Women's Rights in Yemen | Omega

Nadia Al-Sakkaf, former Yemeni Minister of Information and former editor-in-chief of the Yemen Times, speaks to her nation's past, present, and future, and the role of women at every level of politics and economics. 

Omega: You’ve noted that Yemen is a “young” country—most of the population is under 15 years old. Right now is a pivotal time for the future of the nation, as change accelerates in a short time. How has it felt to step into that history politically as one of the only women in a position of political authority? 

Nadia: As the first female Minister of Information I faced huge challenges, expectations, and pressure. I belong to what is known as the "Professional Government' indicating the fact that many of us came from professional walks of life especially from the private sector. I was among the youngest ministers and in fact, this has been a trend for me in my career generally; to be one of, if not the youngest and usually the only woman in the room of high level officials and decision makers. I see myself as an inspiration for young women who are fed up with how things are and want to dive in, take matters into their own hands, and create change.

However, my government wanted to achieve much without many resources or solid institutions to run. There was a lot of resistance and people are used to corruption and lack of accountability. If we have to build from scratch, I’m up for it. But the resistance is disturbing.

Omega: What does leadership mean to you?

Nadia: When I started running the Yemen Times [as the first female editor-in-chief] I was challenged at the professional level. I was maybe the first woman boss many of my staff had experienced. Journalism is a difficult field, and here I was telling people what to do. I’d worked for Oxfam in development before this, but it was a great challenge. I fired about half of the male staff in the first year and hired women and young men to create a more gender balanced and energetic newsroom.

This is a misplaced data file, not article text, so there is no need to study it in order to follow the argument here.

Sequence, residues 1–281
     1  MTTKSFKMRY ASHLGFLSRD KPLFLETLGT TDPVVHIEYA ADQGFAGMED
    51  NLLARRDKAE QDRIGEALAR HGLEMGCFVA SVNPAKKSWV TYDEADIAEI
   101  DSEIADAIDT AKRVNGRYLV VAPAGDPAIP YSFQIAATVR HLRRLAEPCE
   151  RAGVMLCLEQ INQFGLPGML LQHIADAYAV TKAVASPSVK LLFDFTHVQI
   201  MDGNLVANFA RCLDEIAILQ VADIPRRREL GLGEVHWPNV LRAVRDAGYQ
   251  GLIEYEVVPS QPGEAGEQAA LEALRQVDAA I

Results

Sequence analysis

—Nadia Al-Sakkaf

What I understand about leadership is that you have to lead, of course, but you also have to follow. You have to listen, sometimes taking things at face value. You have to be willing to make mistakes and be naïve.

Omega: What strategies do you have for practicing boldness?

Nadia: Consistency is an important element. Stepping in again and again and again. Challenging yourself, taking risks, and allowing yourself to be wrong. Women tend to be so scared of making mistakes—thinking that they will reflect badly on all women. I have always tried new things, and failed miserably in some. The most important thing here is to learn from mistakes and rise up again.

I am not an average Yemeni women as I was lucky to have the opportunity to travel and see the world. I studied abroad in India where I availed a computer science engineering degree then in Britain where I did my Masters in Information Systems Management and where I am doing my PhD in Politics and Media currently. I have been privileged to travel a lot and study different long and short courses and interacted with many people from various backgrounds.

This gave me a great deal of exposure and a different perspective on life. I have learned to accept people for who they are and try to identify common ground instead of differences. Also, never to forget that alongside the ambition and limelight one has to think about family and taking care of the people who are closest to you. I try to balance family and public life and not make a choice between being a mother, wife, or career woman.